Jordi Garcia, a manager for InterBus Tours, said his company ran Sunday's trip. He told U-T San Diego that 38 people departed Tijuana at 5 a.m. for a day of skiing at Big Bear.

"The information that we have is that the bus' brakes failed and the accident occurred," he said.

Investigators had not yet obtained the passenger list from inside the bus, Lopez said.

It took nearly two hours to clear all the people who could be transported to hospitals and go through the wreckage, said Kathleen Opliger, incident commander and San Bernardino County fire battalion chief.

Aside from those transferred, "we are 100 percent confirmed we won't find a survivor," she said.

Route 38 runs through the San Bernardino National Forest and leads to Big Bear. The accident occurred as the bus was headed south and leaving the forest.

"It happened so fast I don't know how it all happened," a passenger who declined to give her name told the San Bernardino Sun (http://bit.ly/XiWWdu ). "This was supposed to be a good day out with my companions and then this happened."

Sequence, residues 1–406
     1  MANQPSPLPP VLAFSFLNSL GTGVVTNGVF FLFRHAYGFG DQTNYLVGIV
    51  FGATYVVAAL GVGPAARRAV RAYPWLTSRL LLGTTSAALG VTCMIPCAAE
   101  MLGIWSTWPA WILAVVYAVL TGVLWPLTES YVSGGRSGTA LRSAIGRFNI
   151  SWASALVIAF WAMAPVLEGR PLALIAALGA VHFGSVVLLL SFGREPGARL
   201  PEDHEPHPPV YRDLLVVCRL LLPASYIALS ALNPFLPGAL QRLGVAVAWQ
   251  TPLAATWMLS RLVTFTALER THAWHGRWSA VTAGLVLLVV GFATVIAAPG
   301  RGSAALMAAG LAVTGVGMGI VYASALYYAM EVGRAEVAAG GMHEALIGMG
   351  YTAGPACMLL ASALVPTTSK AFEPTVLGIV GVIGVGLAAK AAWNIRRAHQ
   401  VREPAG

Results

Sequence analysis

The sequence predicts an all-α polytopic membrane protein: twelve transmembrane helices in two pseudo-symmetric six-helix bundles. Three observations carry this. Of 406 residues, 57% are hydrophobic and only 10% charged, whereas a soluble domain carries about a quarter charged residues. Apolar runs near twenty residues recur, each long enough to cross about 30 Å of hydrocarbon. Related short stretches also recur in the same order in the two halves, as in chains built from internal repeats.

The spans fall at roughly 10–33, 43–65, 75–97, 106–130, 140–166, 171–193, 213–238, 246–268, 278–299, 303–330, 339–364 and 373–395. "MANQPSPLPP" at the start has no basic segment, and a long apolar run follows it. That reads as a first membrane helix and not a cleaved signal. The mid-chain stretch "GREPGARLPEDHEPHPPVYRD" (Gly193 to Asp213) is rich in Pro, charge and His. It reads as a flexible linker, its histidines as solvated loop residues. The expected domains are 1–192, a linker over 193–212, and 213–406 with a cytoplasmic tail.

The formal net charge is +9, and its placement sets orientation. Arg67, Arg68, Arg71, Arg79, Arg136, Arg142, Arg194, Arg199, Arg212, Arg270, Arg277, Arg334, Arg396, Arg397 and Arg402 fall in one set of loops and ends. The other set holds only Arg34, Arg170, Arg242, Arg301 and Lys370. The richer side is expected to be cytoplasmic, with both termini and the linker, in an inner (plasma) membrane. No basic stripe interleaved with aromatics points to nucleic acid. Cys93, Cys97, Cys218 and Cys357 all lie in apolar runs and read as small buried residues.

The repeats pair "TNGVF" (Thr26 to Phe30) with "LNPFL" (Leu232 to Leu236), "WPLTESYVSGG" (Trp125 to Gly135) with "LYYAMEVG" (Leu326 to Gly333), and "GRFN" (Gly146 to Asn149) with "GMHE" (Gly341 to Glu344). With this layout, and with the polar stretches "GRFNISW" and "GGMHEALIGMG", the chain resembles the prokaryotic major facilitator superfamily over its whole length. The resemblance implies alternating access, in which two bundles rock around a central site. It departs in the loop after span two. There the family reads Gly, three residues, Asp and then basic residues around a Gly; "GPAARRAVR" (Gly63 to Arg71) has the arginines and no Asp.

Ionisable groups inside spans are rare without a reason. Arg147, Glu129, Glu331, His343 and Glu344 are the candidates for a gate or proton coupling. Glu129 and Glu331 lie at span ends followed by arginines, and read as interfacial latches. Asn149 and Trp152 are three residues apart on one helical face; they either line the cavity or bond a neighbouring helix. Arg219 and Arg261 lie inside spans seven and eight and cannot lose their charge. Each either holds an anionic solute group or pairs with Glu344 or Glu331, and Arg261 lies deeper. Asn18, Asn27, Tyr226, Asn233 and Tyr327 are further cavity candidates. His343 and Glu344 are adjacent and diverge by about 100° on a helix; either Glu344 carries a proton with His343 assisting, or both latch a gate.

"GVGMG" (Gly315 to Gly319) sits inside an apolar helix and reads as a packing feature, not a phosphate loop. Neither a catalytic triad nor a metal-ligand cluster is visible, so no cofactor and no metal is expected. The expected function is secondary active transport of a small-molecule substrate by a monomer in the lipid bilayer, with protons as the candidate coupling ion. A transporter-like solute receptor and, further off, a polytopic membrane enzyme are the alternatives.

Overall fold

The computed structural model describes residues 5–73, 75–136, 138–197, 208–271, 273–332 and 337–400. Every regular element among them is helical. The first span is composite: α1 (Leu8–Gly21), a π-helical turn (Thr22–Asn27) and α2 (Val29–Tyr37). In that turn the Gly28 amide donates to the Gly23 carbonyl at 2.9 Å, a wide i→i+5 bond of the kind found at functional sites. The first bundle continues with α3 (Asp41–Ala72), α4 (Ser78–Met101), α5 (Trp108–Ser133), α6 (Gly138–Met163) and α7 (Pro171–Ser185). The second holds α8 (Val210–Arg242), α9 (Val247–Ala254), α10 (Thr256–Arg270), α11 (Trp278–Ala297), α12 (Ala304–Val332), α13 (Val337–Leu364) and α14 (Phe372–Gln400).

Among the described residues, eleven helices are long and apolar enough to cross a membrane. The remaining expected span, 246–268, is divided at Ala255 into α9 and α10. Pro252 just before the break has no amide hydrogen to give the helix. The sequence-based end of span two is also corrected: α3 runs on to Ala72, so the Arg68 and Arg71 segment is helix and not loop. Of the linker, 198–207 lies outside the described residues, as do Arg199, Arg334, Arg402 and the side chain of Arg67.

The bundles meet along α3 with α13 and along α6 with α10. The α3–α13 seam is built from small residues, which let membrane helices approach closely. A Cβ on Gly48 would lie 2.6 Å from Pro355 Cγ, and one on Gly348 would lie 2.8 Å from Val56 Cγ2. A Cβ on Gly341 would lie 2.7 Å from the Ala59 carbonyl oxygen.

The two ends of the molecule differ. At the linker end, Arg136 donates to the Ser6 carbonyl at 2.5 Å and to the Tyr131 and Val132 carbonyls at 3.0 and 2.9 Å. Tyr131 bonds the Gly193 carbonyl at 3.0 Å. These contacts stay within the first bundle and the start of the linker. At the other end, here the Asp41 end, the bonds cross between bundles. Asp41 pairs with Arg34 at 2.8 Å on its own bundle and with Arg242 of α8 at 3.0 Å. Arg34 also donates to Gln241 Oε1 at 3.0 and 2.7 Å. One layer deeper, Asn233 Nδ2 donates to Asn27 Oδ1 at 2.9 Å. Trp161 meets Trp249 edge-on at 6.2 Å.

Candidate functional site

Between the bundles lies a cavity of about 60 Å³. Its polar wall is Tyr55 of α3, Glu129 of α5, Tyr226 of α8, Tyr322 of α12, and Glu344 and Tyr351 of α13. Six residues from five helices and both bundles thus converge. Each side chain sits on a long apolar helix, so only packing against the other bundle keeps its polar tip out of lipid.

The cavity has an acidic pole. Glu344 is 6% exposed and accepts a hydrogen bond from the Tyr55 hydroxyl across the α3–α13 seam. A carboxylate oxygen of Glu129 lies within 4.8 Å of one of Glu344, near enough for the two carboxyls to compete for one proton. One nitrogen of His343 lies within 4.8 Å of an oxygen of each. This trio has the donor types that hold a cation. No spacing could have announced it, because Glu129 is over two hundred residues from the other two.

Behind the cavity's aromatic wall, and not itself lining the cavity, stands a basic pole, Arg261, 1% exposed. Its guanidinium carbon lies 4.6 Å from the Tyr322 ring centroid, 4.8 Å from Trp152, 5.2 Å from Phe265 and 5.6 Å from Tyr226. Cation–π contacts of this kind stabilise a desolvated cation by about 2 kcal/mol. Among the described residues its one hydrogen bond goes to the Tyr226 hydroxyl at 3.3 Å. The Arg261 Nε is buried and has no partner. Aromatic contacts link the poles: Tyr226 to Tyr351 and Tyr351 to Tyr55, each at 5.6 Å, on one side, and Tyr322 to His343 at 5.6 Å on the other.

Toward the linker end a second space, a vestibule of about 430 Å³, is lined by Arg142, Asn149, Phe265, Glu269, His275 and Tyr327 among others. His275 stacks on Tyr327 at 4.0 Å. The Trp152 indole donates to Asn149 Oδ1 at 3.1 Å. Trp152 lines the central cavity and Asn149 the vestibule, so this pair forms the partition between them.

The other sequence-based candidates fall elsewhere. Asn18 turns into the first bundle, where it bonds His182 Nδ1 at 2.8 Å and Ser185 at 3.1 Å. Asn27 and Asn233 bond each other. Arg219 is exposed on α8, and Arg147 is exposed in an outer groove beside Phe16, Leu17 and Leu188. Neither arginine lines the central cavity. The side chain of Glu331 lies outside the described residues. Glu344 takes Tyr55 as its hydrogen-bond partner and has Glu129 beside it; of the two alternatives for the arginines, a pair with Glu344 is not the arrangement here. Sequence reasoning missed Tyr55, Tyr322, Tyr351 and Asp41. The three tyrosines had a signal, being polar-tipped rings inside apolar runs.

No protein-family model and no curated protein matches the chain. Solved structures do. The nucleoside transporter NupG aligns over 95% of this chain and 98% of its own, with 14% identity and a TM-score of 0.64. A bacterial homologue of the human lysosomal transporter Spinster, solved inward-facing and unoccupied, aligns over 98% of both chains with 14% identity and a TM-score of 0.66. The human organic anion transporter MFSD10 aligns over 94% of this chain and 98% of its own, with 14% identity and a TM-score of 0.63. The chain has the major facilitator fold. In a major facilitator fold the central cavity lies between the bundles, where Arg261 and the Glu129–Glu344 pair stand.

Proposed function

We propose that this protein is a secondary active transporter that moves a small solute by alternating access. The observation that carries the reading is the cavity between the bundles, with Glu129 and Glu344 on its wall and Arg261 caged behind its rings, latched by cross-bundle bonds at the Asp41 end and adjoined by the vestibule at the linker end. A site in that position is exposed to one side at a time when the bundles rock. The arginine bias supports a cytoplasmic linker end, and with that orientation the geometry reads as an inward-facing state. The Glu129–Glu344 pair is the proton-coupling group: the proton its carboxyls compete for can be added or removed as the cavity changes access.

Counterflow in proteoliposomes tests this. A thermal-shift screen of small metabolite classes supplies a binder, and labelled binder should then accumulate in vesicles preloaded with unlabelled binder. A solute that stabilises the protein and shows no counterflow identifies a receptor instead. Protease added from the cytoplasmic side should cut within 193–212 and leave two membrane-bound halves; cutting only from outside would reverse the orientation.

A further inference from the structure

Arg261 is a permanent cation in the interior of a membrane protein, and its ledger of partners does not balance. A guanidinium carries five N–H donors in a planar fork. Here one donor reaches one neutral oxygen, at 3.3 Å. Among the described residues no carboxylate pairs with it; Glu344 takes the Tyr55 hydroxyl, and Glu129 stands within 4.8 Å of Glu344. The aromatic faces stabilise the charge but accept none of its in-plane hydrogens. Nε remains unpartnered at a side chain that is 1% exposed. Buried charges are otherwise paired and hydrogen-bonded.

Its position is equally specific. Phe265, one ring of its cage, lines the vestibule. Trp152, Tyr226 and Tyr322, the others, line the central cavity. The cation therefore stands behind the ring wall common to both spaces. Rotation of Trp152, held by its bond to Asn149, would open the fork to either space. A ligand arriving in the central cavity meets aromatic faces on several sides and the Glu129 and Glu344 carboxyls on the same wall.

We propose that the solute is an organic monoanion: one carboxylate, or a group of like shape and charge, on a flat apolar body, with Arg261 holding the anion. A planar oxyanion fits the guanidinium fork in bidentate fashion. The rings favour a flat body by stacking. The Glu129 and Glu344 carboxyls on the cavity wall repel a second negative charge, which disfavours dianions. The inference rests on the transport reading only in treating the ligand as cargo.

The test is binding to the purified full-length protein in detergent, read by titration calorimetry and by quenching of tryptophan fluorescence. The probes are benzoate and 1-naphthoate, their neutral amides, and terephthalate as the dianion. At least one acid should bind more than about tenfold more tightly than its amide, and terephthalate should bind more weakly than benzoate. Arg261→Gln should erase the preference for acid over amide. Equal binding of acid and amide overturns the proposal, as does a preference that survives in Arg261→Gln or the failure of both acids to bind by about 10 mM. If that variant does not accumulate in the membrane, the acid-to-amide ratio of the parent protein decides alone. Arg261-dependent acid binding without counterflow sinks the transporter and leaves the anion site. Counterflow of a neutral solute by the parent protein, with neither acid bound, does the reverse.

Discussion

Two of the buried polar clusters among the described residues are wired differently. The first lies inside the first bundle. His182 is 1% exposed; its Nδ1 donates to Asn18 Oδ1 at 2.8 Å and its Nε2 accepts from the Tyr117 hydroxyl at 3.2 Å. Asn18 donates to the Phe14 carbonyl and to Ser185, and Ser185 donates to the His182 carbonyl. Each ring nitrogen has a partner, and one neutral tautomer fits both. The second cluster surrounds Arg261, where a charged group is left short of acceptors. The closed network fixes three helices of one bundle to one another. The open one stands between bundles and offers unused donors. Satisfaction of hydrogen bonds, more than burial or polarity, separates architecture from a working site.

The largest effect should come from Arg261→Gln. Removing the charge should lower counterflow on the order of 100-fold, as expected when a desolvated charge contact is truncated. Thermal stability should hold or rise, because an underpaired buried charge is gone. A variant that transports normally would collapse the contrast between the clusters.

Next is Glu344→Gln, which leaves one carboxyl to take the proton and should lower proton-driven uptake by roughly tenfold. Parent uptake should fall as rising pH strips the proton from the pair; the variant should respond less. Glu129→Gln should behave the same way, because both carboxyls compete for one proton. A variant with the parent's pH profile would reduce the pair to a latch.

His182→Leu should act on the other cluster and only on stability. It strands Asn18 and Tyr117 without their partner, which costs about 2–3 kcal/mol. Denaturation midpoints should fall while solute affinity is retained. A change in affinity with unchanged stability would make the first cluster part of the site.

Patients were taken to several area hospitals with injuries ranging from minor to life-threatening.

Jennifer Resch-Silvestri, a spokeswoman for Kaiser Permanente Medical Center in San Bernadino County, said the hospitals began working together before dawn to try to better track victims, an effort to make it easier for family members to find out the conditions and locations of their relatives.

Seven of the nine people taken to Kaiser Permanente were discharged and two were admitted, she said. Arrowhead Regional Medical Center had two women in critical condition and two other patients in stable condition. Redlands Community Hospital had one patient in critical condition and five other patients with injuries ranging from cuts to broken bones. Loma Linda Medical Center had a man and a girl under age 18 in critical condition, a man in serious condition, and a woman and a girl under 18 in fair condition.

The National Transportation Safety Board said Monday it was sending a team to the scene.

The California crash comes less than a day after a bus carrying 42 high school students and their chaperones slammed into an overpass in Boston. Massachusetts state police said 35 people were injured and that the driver had directed the bus onto a road with a height limit.